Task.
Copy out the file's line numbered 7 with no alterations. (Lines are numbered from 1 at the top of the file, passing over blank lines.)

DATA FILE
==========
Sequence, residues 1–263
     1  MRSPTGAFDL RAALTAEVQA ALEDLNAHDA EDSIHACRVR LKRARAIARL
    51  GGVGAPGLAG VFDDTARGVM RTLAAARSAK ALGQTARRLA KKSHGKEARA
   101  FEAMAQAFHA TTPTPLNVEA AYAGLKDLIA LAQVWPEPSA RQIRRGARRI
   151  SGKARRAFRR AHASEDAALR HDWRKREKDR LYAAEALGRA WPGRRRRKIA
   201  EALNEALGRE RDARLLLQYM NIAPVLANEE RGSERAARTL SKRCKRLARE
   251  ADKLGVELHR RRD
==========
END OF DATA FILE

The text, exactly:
   251  ADKLGVELHR RRD